“Vivisection is scientific fraud” screeched the placard placed next to three elderly ladies sat on deck chairs. Attached to the fence beside them were pictures of caged monkeys and what appeared to be a dead dog. This was the scene that greeted passersby and staff and visitors to Auckland Hospital and the Medical School on Friday morning. I find protesters like these quite fascinating and am always interested to find out what they believe about the use of animals in scientific research. By the time I went to have a chat with them, a little drizzle meant only one lady remained, clutching another picture of a monkey and handing out leaflets produced by the NZ Anti-Vivisection Society.
“Do you know what they do in the basement of that building?” she whispered to me, pointing over at the university campus. Being a member of the Animal Ethics Committee (AEC), it turns out I do. The AEC is responsible for approving all research procedures carried out using animals, as well as regularly inspecting facilities. But I was curious what the protester believed. “Terrible, terrible suffering, and murder” she says. She quoted the National Animal Ethics Advisory Committee’s (NAEAC) figure of 301,964 animals used in scientific research in NZ in 2012.
I’m not surprised to find that the protester is cherry-picking data. Actually, those 301,964 animals were used for research, testing and teaching (RTT). Less than a third of those animals were used for biological or medical research, while a little more than a third were used for veterinary research. Over 80% of the animals were exposed to manipulations which had no, virtually no, or little impact on the animals’ welfare. To put this in context, breeding is considered a manipulation. More than 70% of the animals were returned to their normal environment afterwards. In other words, not “murdered”. Can you guess what the most used animal was for RTT in New Zealand in 2012? Cattle. They made up over half of those 301,964 animals. I can honestly say there are no cows in the basement of the med school. Given the protester was quoting NAEAC’s report at me, I asked her if she knew that no monkeys were used in RTT in NZ. “Yes”, she says. So isn’t it misleading to be displaying pictures of monkeys, I ask? “A little” she concedes. Might people passing by think that monkeys are being used in scientific research in NZ, I ask? “Maybe” she says. So she is not only cherry-picking but being downright dishonest too.
“That animals are made to suffer” was the protester’s main objection to the use of animals in research. I asked her if she has heard of the 3Rs* – replacement, refinement and reduction. These are the ethical and legal basis on which animals are used in research, teaching and testing in New Zealand and many other countries around the world. Animals should be replaced with an alternative if possible, but where not possible, the numbers used should be the minimum necessary, and procedures should be refined to cause minimal suffering. In reality, this means using things like pain killers to alleviate any suffering. “Nonsense” she snorts.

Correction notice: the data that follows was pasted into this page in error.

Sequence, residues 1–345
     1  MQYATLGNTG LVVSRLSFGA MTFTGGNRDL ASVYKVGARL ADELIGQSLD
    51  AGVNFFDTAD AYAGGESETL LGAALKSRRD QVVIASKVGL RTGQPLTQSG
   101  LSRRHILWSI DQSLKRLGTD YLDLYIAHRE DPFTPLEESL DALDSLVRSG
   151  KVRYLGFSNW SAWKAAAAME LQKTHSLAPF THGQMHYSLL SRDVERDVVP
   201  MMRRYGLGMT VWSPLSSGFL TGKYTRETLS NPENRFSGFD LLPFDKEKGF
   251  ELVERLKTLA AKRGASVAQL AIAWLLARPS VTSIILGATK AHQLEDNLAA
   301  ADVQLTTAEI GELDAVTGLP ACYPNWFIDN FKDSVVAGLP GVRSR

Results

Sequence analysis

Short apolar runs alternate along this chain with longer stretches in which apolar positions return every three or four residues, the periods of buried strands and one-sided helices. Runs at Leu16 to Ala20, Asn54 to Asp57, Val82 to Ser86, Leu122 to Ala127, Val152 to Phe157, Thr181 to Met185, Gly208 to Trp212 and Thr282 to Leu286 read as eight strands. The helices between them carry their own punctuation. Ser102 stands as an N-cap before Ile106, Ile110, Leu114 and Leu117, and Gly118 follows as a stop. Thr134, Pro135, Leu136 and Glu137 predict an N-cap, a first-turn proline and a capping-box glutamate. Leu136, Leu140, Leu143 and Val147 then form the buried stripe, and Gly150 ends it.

During our chat, I ask the protester whether she takes any medicines when she is ill and the conversation moves in an unexpected direction. I find out she believes the only causes of cancer are alcohol, smoking and doctors, and that there is no such thing as infection (“the bugs are just coming to clear up our mess”). Here I am on fairly strong ground, so I tell her I’m a microbiologist studying nasty microbes, and that many of them are not “clearing up our mess” but have entire systems devised to overcome our immune system and cause damage. “Nonsense” she snorts again.
I know this is not a popular view, but I would love to see universities being proactive when faced with protesters like this – perhaps putting up their own placards and talking to passersby about the benefits of research and the lengths scientists go to to minimise suffering. It is clear that we can’t change the minds of the die-hard protesters, especially those that believe you can avoid cancer by not visiting the doctor and that infectious diseases are a myth**. But I believe most people are curious and will listen to both sides of the story. By remaining in our ivory towers we are missing opportunities to engage with the people who stop and talk to the protesters, and those who see their placards. Instead we create the impression we have something to hide. We don’t.
*Not reading, ‘riting, ‘rithmatic, or reduce, recycle, reuse…
**I am not saying for a minute that all anti-vivisectionists are as crazy (in my opinion) as the lady I spoke to.